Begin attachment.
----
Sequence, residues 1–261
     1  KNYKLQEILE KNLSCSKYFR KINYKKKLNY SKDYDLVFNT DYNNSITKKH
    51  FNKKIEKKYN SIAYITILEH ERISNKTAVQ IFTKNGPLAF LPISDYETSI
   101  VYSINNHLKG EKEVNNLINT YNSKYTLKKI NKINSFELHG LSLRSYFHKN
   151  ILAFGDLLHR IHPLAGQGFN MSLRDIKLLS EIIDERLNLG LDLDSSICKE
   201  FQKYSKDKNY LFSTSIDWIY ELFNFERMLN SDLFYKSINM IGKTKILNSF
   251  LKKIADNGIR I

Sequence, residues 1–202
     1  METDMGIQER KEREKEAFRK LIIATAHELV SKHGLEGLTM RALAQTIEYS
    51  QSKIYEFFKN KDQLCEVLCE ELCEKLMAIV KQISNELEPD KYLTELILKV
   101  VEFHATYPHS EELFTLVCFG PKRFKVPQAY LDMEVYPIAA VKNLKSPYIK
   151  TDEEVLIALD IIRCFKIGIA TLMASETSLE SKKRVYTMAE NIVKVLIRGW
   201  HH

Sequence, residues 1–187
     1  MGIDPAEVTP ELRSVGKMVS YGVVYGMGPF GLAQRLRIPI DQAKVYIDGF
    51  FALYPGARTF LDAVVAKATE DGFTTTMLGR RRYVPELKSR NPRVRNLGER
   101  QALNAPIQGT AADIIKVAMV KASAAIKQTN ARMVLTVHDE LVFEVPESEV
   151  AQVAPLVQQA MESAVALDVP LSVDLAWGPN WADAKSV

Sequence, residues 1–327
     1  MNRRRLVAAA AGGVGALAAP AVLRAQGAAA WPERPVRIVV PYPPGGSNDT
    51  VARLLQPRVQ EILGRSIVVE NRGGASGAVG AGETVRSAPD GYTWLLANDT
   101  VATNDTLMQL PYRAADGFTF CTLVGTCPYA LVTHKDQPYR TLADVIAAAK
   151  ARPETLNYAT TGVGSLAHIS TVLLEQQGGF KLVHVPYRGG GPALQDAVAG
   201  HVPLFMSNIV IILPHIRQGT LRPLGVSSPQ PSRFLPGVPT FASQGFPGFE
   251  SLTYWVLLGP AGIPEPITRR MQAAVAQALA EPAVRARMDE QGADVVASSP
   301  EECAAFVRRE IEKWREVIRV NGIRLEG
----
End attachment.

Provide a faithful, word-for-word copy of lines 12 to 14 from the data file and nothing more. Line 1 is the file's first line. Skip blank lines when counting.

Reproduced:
   151  TDEEVLIALD IIRCFKIGIA TLMASETSLE SKKRVYTMAE NIVKVLIRGW
   201  HH

Sequence, residues 1–187